Hunting ethics: Know your role

September 17, 2013 

Just as I was preparing for the opening of our archery season Sunday, I came across a bit of disturbing news that should be embarrassing to all hunters in the Palmetto State.

Recently, four hunters from South Carolina were charged with hunting illegally in Colorado. These weren’t simple mistakes where they misinterpreted some gray area within the law. All four had been bowhunting with poison-tipped arrows that quickly paralyzed any animal that was shot.

Even worse was the men admitted to having done this in that state for more than 20 years.

The poison, a strong muscle relaxant, immediately shuts down the animal’s respiratory system as soon as it hits the bloodstream, allowing the men to take shots at any part of the body in hopes of simply “breaking the skin.”

The four hunters, George Plummer and Joseph Nevling of Timmonsville, Michael Courtney of Florence and James Cole of Sumter, were each ordered to pay thousands of dollars in fines and court costs and barred from hunting in the state for four years.

In a perfect world, they’d be barred from hunting anywhere for life.

Although most of the men expressed regret for their actions, Cole had the audacity to paint all hunters of our state as being of like mind and principle.

“Back in S.C., everybody hunts with (poison arrows),” Cole stated to the court.

Really?

In my entire life I’ve never encountered a single hunter that utilizes this tactic. Not here. Not anywhere.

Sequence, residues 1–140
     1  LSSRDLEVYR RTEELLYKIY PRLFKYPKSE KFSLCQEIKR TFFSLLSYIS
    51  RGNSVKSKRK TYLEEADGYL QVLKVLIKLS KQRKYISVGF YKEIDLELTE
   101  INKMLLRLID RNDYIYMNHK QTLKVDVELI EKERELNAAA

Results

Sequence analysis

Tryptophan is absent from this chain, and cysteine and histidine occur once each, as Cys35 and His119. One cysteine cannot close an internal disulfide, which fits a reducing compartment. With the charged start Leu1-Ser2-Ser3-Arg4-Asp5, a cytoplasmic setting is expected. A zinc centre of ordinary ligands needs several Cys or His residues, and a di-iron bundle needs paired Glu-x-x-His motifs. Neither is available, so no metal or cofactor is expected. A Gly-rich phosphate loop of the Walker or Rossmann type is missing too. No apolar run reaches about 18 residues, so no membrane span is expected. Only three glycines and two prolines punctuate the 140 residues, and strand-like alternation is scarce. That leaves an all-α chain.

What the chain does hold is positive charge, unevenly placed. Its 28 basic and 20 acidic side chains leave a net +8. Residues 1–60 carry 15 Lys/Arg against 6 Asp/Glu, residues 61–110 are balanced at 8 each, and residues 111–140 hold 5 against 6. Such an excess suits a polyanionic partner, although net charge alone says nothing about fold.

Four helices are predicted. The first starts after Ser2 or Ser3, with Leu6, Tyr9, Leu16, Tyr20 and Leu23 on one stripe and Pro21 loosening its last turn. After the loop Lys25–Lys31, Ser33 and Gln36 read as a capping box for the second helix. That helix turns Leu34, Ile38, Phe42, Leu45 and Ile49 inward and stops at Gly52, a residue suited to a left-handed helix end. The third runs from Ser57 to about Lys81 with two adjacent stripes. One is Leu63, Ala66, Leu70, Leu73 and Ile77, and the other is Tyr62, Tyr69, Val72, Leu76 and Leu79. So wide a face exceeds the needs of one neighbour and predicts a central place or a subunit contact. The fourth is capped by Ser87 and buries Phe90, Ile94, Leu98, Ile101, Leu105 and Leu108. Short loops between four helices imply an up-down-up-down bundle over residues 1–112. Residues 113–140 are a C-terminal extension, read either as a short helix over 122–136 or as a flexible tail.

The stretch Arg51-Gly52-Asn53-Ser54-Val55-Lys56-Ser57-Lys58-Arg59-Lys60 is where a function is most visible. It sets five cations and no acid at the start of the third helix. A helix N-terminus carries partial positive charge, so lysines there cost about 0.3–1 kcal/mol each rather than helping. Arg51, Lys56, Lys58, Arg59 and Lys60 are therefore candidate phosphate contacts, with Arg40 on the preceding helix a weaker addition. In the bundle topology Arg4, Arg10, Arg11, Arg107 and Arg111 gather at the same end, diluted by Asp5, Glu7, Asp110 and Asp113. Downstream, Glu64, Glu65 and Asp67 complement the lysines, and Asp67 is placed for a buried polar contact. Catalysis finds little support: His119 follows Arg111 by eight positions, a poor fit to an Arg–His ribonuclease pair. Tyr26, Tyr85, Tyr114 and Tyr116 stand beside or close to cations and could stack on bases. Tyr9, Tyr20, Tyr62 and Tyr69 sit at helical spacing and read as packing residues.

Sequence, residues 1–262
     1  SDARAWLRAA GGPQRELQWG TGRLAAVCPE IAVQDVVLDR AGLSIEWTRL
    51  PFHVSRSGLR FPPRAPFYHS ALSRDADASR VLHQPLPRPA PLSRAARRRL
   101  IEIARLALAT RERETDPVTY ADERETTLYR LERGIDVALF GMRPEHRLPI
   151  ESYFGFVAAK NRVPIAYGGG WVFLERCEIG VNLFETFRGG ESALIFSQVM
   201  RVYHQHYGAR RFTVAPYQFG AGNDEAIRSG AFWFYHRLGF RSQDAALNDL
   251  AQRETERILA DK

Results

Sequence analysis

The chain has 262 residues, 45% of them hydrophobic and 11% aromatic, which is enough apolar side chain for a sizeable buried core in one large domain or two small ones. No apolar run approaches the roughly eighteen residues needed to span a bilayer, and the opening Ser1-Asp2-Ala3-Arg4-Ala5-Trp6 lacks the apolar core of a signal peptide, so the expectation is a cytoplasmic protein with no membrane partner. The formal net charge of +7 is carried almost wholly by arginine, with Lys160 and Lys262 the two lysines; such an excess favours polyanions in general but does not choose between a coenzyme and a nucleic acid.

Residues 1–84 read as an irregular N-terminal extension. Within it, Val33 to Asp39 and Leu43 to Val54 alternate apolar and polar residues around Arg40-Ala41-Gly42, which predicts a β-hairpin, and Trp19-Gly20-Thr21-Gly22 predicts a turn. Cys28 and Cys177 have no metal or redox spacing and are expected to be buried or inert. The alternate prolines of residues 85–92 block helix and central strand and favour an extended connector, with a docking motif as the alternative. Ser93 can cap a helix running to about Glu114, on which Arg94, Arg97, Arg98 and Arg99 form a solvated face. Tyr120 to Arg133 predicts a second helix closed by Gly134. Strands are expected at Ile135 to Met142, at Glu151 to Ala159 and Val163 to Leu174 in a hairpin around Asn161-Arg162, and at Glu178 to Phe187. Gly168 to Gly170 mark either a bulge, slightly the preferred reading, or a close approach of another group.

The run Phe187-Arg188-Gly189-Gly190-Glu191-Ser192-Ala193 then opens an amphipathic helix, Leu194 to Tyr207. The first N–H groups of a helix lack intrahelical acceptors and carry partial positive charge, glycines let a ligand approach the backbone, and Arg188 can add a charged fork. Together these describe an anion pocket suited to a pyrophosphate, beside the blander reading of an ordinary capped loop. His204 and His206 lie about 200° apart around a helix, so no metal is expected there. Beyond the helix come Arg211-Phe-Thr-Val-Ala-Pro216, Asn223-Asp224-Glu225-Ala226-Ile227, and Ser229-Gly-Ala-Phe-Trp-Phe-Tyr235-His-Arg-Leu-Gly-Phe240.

The dictionary defines ethics as, “a set of moral principles: a theory or system of moral values/ the principles of conduct governing an individual or a group.”

As sportsmen, we have to understand the basic principles of hunting ethics and how they relate to us, especially in regards to the negative light that one person’s unethical actions will shine on us as a whole.

At no time in our history has our hunting heritage been under attack by extremist organizations as it is today. Anti-hunting groups, such as the Humane Society of the United States (HSUS,) hide behind seemingly harmless and un-related names, in hopes of raising funds from the unknowing, to launch a barrage of “sneak attacks” against us.

For those that don’t know, the HSUS is the group that collects money from the unsuspecting by making them believe that they’re taking care of stray pets when they don’t actually operate even a single facility of that type.

What do you think radical groups such as this use as ammunition against us? You can rest assured that it’s the actions of a few — intentional or otherwise — that they try to paint us all with and I fully expect that now, in their efforts to rile the non-hunting public, they’ll start fund raising and membership campaigns that include this bogus story about how all bowhunters in S.C. admittedly use poison tipped arrows.

Although I’ve run the following list in this column before, it never hurts to have a reminder from time to time. I’m not quite sure to whom I should credit the foundation of the information, as I keep it filed away in my notes and expand on it as I see fit. It began as just a few basic guidelines but has grown quite a bit from there.

Take this. Keep it and look over it occasionally. Even better, cut it out and slap it on the wall or on a sign at your hunt club. These are the basics of which we can’t be reminded enough.